If you’re planning to sell a property in Mumbai, India you will have probably noticed how buyers are simply refusing to buy an apartment in the city because of the unrealistically high costs.
Yes, Mumbai, property market is a victim of its own success. Prices have risen so high that many buyers have been priced out of the market. So there is stagnation in the housing market in Mumbai with buyers refusing to buy and sellers refusing to sell at lower prices.
As a result, at least 35 percent of the apartments in the city remains unsold, for want of buyers. Take for example a 700 sq. foot apartment in a Mumbai suburb, around 45 km from the heart of the city. It can cost anywhere from $230,000 to $250,000, twice as much as a similar apartment in New Delhi and thrice as much as a comparable property in Bangalore or Chennai.
Mumbai, make no mistake, is prohibitively expensive for most city dwellers. But then, this is nothing new. Mumbai has always been the most expensive city in India. Real estate prices here compare with those in cities such as Dubai or Hong Kong.
There are a number of extremely rich individuals in Mumbai – industrialists, film stars, CEOs, investment bankers, etc., who are capable of making huge investments in property.
An Indian industrialist, for example, spent $115 million on a 50,000 sq. foot property at the heart of the city. Movie stars and cricketers are known to buy apartments for $5 million and more.
What such purchases have done is to skew the property market in Mumbai in favour of the top 1%. As Vivek Talwar, a real estate investor, explains, "These are one-off deals by billionaires who can afford it, there is no depth in the market. For most people, the cost of real estate is unrealistic, compared to what they earn. Today customers are not running after anybody, you have to offer around 15-20 percent discount to get a deal done.”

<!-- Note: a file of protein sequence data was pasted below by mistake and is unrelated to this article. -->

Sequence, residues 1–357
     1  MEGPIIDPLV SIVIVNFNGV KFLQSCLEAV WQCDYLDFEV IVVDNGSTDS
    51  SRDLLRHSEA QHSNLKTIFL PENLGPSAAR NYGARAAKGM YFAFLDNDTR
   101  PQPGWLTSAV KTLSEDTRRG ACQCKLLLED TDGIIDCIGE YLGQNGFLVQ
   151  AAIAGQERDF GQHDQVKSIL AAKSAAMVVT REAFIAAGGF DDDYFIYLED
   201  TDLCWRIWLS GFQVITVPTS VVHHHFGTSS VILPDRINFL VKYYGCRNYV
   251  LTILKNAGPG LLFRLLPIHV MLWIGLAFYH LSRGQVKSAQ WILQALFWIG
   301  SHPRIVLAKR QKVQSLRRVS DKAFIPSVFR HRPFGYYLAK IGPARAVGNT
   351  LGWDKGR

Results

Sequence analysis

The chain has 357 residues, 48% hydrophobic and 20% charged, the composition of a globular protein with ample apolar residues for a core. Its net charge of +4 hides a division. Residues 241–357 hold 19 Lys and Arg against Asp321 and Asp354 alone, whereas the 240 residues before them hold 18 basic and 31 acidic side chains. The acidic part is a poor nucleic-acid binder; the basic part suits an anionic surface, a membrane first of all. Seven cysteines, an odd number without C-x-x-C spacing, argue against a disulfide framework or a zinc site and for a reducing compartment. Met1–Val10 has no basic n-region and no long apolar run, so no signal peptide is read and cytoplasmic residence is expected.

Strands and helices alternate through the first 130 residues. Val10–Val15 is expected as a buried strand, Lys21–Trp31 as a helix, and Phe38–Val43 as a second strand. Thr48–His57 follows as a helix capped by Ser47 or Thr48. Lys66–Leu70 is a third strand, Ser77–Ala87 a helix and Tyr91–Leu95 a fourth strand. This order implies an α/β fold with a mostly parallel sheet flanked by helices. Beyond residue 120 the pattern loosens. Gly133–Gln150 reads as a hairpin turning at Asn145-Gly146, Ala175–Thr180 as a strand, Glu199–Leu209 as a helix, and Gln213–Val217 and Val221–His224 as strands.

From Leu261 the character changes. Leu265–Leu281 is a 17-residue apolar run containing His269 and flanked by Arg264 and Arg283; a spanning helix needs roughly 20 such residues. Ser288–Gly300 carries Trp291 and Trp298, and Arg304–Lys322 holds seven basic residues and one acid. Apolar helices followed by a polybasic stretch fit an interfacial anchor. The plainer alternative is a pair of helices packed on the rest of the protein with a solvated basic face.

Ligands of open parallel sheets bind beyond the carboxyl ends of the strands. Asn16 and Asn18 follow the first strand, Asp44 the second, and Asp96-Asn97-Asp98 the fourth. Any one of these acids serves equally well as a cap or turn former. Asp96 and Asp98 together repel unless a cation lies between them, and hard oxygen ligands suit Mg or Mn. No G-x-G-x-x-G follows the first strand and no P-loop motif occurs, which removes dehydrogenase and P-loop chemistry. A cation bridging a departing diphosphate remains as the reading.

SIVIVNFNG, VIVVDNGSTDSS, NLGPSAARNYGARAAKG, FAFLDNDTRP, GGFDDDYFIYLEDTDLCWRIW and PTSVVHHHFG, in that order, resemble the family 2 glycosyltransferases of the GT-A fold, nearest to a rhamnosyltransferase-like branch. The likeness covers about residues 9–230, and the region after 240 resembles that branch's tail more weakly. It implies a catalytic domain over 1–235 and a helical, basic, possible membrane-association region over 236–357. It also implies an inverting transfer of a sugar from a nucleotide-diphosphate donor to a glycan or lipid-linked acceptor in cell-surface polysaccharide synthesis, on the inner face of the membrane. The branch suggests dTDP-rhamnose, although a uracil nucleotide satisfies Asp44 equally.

As a result, apartment owners find it hard to sell their properties at such high prices because of the complete refusal of buyers to participate in the market. If any apartments are being sold, those are in the range of $45,000-$65,000, sold in the outskirts of the city.
Another seller, who wanted his name to be withheld, said that he had been trying hard to sell his ancestral property, a three bedroom houses, in South Mumbai. He is even willing to offer a massive discount on it. But he is yet to find a buyer.
Colliers India, a real estate firm says that there are 180,000 unsold apartments in the Mumbai metropolitan area. Such a high amount of unsold inventory is having a strong effect on the market and is bringing the prices down, whether developers like it or not.
Arvind Kapoor of Colliers India says, "In the first six months of the year there has been a 40 percent year-on-year drop in new launches.It’s a tough market. Even though builders may not be giving discounts openly, behind closed doors, negotiations are on."
Rajan Ahuja, a top real estate agent in Mumbai agrees, "The buyer is king, he is dreaming of getting everything free. For example, today a buyer expects to get an apartment priced at 70 million rupees [$1.1 million] for rupees 50 million [$760,000]."
So normally when nobody is buying property because of high prices, one would have expected the apartment prices to come down. But that is not happening because most home owners have bought their properties at high rates and are unwilling to sell them at much lower price than the one they bought it for.
The question is who will blink first – will it be the buyer who would purchase the property even at a high rate, or will it be the seller, who would agree to sell at a lower rate.